[:it]Agostino Galli: the humility (of the self-taught) as a bartender[:]



Starting from scratch, he learned everything by himself, when people were still looking for work in clubs through a round of text messages. Today he is the face of the Milanese cocktail bar in the Porta Romana area LACERBA QUISIBEVE, where this year he marks the tenth anniversary of his first entry.


Hi Agostino, when did you take your first step into the world of work? And in mixing?

When I was young I attended the University of International Relations in Milan, in Cattolica. I worked in a communications agency during the day and in the evening in many different places such as glasswashers and in the dining room. When after 6-7 months I noticed that I was earning more in bars three days a week than in the agency, I left to dedicate myself entirely to this sector. It was 2002-03. Over time, working in cocktail bars and nightclubs in the evening, I became passionate about mixing and therefore decided to take a course to become a barman at 3F, thanks to the support of the cocktail bar I was working in at the time, where I had learned the basics of mixing. I therefore decided to take a course at AIBES, to improve myself further, in particular on the classics. In the meantime I finished university and went to work in Switzerland, Munich and other places abroad. I have always proposed myself in clubs - daytime, nighttime bars, discos, casinos, restaurants, hotels, Italian restaurants abroad - where I ended up honing the basics of hospitality.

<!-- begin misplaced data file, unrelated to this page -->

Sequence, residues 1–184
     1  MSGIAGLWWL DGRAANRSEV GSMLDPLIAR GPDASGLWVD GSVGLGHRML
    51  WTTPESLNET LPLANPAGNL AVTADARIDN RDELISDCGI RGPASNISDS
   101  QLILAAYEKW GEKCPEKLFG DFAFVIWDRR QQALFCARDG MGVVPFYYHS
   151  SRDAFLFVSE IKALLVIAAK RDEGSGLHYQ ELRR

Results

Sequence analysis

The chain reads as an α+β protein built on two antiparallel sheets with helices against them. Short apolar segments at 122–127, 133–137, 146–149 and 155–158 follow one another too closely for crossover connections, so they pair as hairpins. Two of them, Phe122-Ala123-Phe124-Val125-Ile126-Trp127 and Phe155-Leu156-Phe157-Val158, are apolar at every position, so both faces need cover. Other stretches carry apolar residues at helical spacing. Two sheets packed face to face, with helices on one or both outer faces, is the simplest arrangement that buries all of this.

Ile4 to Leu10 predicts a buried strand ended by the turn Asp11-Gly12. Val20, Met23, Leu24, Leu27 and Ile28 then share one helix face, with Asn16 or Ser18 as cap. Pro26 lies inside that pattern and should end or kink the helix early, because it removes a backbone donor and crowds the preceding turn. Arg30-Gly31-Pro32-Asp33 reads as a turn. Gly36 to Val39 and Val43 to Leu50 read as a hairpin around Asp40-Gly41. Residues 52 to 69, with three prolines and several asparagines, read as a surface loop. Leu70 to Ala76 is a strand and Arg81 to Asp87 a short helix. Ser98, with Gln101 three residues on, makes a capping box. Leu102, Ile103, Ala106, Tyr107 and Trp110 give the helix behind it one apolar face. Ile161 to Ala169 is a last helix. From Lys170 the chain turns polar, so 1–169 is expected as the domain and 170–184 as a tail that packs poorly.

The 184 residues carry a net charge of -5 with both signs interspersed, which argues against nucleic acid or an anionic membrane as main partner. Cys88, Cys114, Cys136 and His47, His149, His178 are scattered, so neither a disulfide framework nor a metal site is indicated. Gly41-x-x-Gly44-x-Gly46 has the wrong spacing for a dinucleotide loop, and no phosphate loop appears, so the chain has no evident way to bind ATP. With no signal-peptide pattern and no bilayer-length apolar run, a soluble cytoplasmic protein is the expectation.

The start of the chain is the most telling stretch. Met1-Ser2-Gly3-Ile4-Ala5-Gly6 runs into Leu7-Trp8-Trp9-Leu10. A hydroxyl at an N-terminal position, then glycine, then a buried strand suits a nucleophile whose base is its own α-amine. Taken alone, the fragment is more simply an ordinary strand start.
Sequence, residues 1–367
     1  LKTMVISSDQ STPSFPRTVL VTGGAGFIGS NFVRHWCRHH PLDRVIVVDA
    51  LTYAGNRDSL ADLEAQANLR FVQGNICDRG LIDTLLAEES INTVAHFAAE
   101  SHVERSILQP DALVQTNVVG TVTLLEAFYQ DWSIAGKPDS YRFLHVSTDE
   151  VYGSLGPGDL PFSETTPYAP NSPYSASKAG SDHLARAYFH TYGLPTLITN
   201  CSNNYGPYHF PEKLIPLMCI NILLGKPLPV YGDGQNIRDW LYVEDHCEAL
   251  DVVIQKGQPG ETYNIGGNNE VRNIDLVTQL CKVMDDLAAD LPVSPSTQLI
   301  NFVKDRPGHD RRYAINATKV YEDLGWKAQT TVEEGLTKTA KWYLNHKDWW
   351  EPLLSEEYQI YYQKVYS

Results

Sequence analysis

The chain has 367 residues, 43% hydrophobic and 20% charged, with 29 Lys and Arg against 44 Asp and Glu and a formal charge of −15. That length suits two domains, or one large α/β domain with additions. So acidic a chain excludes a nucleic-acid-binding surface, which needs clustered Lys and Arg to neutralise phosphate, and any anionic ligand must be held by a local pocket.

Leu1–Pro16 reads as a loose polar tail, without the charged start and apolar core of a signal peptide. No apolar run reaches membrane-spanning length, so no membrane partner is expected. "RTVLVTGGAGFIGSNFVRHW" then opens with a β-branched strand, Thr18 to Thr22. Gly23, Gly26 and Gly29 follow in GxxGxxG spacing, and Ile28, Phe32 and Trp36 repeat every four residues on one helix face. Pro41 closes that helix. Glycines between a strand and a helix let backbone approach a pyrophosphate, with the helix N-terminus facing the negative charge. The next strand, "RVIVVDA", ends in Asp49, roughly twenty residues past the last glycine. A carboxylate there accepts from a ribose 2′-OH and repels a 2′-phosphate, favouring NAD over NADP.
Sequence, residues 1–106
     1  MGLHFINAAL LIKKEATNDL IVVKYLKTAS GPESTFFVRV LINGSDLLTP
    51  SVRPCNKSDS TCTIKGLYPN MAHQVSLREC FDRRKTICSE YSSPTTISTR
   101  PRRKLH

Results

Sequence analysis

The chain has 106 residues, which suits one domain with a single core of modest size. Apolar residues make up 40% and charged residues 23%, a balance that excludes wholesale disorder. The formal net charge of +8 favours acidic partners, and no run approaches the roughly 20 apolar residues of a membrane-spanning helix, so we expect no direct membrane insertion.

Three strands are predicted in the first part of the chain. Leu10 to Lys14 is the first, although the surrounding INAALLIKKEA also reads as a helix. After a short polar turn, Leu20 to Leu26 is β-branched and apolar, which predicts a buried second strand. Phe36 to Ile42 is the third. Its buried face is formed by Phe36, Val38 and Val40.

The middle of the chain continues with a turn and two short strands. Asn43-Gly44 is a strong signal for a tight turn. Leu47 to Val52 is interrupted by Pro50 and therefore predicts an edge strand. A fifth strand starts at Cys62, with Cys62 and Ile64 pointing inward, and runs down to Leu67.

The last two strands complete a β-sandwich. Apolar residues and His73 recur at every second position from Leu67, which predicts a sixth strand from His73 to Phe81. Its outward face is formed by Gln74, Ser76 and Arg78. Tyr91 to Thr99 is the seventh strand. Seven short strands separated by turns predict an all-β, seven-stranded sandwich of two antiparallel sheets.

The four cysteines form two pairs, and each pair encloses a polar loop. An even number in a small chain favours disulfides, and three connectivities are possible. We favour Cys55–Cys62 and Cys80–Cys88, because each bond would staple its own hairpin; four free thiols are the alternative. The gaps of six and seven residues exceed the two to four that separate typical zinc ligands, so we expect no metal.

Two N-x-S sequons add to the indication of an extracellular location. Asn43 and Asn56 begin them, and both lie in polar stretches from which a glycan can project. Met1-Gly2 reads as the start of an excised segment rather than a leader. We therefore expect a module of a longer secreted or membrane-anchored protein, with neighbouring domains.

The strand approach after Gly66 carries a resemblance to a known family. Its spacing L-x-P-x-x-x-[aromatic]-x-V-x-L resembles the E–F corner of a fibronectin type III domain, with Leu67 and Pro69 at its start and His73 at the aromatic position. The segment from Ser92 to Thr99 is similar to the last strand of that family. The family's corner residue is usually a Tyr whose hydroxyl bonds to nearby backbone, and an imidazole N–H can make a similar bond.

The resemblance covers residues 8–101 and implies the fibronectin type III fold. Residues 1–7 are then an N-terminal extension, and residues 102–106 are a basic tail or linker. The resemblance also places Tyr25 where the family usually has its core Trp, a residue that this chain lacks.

What were your most significant experiences before LACERBA?

All the experiences have left me with something and all my employers who thought more about making money than anything else have always taught me that "it doesn't matter what they ask of you, but that the customer is happy" and so my approach, also current, it has always been this. After numerous experiences abroad I returned to Milan, where I worked at Armani Privè Nobu, an elite environment in which I didn't have much opportunity to experiment, given the right importance given to management costs. In those years, it was 2009, I met the guys who would open Jerry Thomas, Antonio Parlapiano, Roberto Artusio, Leonardo Leuci and finally Alessandro Procoli. They had started holding courses in Milan, through Food and Foodies and hosting international bartenders such as Stanislav Vadrna, Alex Kratena of Artesian, Marian Beke, Erik Lorintz or Beachbum Berry. Before then, at least for me, it was difficult to find books and material for professionals in the sector and they helped me a lot, even in getting me interested in a mix of research, different from what I had done up to that point.


How and when did you arrive at LACERBA?